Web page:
Local campaigners are celebrating the Welsh Government’s decision to scrap the planned M4 'relief road', a £1.4 billion motorway through the wildlife-rich Gwent Levels in South Wales. In this guest blog, Julian Branscombe of Campaign Against the Levels Motorway tells the story.
"The Gwent Levels are as important to wildlife in Wales as the Amazon rainforest is to global biodiversity. Yet for nearly 30 years, the powers that be have wanted to drive a motorway though this wildlife-rich wetland landscape. This aspiration has now been dramatically dropped by the First Minister of Wales, Mark Drakeford, who has decided that the financial cost and environmental impact are both too high.
You can imagine the delight for all of us in CALM, the Campaign Against the Levels Motorway: the coalition of local people, Community Councils and environmental NGOs that has opposed the plans since the early 1990s. At times, our position has seemed hopeless. Political will has followed the calls of the Welsh CBI (rather than the much more road-sceptical Federation of Small Businesses) and the drivers who make up the traffic. But awareness of challenges to our planet’s wildlife and climate has been growing, and we are delighted that the Welsh Government has finally realised that more roads just lead to induced traffic and more congestion.
The historic decision of Tuesday 4 June 2019 marks the scrapping of decades of counter-productive transport policy. Now the focus is solely on a fresh approach to meeting the challenge of congestion around Newport and providing sustainable transport for all (not just those who can afford a car) across Wales.
As campaigners, we have had many weary days. The 2017/18 Public Inquiry saw all the odds against us, from the disparity in resources in evidence preparation and legal representation, to the sharply slanting playing field which saw many of the fundamental policy issues ruled as outwith the remit of this Inquiry. The case against the new M4 was incredibly strong nonetheless. Objections were supported by a stunning range of expert witnesses, coordinated by the Wildlife Trusts. However, the Inspector found for the new road, swallowing the Welsh Government’s case hook, line and sinker.
Whether it was the Government's aggressive QC and their sharp Public Inquiry tactics which swung the Inspector's conclusion, or the skewed terms of reference, or indeed his own civil engineering background, the Inspector’s conclusion is one that shocks us. However, the Inspector’s Report was made public as part of the announcement that the road would not be built. The Welsh Government has realised that the case that they were pushing had been fundamentally flawed.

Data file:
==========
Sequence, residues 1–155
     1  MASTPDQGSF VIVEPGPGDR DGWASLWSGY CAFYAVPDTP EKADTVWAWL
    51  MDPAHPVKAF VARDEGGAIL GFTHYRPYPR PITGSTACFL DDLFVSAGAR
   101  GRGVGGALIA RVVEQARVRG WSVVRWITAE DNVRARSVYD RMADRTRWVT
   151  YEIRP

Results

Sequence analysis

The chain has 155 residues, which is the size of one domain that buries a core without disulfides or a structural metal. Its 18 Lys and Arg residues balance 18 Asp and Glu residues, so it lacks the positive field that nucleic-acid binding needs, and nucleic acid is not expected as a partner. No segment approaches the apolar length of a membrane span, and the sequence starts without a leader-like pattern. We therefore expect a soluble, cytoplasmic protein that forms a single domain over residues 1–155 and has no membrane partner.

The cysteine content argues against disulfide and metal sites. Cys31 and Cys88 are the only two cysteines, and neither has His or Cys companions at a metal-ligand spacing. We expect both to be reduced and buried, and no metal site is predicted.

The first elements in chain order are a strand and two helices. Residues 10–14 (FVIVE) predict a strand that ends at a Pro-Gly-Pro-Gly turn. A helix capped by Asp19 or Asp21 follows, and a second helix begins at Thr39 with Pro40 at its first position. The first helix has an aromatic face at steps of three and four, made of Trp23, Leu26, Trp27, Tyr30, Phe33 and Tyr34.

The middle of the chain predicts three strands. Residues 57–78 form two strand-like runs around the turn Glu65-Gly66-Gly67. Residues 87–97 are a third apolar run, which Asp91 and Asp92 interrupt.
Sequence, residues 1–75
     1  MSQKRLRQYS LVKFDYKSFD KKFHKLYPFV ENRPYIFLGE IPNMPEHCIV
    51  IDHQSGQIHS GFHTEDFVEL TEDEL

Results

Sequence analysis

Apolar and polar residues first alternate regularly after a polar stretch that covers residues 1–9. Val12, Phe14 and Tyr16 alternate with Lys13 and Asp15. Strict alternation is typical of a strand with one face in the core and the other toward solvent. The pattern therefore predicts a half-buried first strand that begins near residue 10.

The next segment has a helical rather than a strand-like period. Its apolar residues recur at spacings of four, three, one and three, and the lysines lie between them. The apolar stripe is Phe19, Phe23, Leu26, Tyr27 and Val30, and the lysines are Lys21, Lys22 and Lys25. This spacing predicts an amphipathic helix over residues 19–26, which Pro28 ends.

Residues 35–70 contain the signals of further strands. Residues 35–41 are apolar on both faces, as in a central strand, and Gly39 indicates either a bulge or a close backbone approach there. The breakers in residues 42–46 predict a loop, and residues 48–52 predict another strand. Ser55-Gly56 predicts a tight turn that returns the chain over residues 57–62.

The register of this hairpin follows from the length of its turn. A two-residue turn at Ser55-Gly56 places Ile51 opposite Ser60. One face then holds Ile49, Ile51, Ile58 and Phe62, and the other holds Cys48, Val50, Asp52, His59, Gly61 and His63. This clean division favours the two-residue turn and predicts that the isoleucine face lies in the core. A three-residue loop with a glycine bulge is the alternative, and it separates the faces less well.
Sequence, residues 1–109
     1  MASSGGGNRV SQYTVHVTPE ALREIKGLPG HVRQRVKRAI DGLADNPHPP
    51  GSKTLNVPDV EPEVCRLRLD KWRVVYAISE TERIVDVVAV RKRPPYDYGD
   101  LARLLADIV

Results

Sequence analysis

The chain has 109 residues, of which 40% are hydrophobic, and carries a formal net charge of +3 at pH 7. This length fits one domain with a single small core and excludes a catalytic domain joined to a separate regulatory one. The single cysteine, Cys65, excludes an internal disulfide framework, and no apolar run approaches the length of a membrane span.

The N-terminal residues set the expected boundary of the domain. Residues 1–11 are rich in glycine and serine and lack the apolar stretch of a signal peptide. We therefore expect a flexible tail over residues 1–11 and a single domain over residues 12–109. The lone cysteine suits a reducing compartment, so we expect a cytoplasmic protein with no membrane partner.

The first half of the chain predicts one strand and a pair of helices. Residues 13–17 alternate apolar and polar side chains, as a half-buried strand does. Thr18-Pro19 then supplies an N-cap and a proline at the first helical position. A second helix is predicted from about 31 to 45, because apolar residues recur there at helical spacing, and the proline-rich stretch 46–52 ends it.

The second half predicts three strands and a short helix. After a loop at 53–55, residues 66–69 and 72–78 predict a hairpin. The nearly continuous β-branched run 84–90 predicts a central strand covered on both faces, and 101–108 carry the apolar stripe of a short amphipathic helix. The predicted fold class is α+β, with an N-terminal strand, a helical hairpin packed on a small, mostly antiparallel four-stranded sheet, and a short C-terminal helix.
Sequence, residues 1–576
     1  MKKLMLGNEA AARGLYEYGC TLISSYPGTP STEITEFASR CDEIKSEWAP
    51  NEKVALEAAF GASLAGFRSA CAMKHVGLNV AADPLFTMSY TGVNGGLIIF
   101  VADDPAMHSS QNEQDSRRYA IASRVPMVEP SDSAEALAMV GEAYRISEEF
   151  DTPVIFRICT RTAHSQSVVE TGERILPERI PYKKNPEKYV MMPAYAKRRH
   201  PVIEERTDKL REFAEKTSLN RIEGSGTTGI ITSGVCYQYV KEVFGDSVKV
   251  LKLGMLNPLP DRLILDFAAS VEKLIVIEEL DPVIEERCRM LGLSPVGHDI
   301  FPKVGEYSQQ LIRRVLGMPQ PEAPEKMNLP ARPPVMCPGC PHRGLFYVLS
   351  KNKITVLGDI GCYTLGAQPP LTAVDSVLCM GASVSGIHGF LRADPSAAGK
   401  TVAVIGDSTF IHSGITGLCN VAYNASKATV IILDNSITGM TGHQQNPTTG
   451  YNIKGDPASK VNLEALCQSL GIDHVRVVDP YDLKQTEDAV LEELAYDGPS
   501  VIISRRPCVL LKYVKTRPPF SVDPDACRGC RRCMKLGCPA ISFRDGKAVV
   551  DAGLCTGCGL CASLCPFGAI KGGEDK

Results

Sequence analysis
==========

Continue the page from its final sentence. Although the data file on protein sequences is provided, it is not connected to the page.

Things had moved fast since the Inquiry. Wales had a new First Minister after an internal election within Welsh Labour. Any decision to build the road was increasingly viewed as vulnerable to legal challenge on a range of grounds, given the forward-thinking legislation that the Welsh Government had championed. Sophie Howe, Future Generations Commissioner for Wales, had been very public in making an incisive case against ‘business as usual’ transport policy. The need for the country to slash its greenhouse gas emissions had come to the fore with the new Welsh Government administration declaring 'Climate Emergency' in April.
Mark Drakeford’s #NoNewM4 decision marks a paradigm-shift. Now we can put people and wildlife first, through a focus on active travel and affordable, integrated public transport to benefit landscape, climate, health and equality in an economy that sees urban areas as thriving green hubs, not traffic-choked slums to be bypassed.
There is much to do to bring this vision to fruition in Wales. CALM will play its part in that. The Welsh Government's leadership must also inspires others around the world. As Nikhil Seth, Director for Sustainable Development at United Nations said in response to Wales’s ground-breaking Wellbeing of Future Generations Act (2015), "We hope that what Wales is doing today, the world will do tomorrow.""
Guest blog by Julian Branscombe, Campaign Against the Levels Motorway
Kingfisher photo by Tony Wood, aerial photo by Tony Pickup.